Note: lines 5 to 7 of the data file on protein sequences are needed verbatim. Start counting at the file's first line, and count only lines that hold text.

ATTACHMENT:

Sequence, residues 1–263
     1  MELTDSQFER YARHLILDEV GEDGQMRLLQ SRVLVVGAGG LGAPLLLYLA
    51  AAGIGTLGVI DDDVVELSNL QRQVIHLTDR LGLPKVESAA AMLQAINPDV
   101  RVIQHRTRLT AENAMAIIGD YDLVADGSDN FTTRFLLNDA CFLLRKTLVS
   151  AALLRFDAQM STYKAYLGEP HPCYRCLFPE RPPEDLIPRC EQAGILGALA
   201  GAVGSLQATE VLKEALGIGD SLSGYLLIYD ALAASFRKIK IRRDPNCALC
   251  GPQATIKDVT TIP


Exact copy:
   151  AALLRFDAQM STYKAYLGEP HPCYRCLFPE RPPEDLIPRC EQAGILGALA
   201  GAVGSLQATE VLKEALGIGD SLSGYLLIYD ALAASFRKIK IRRDPNCALC
   251  GPQATIKDVT TIP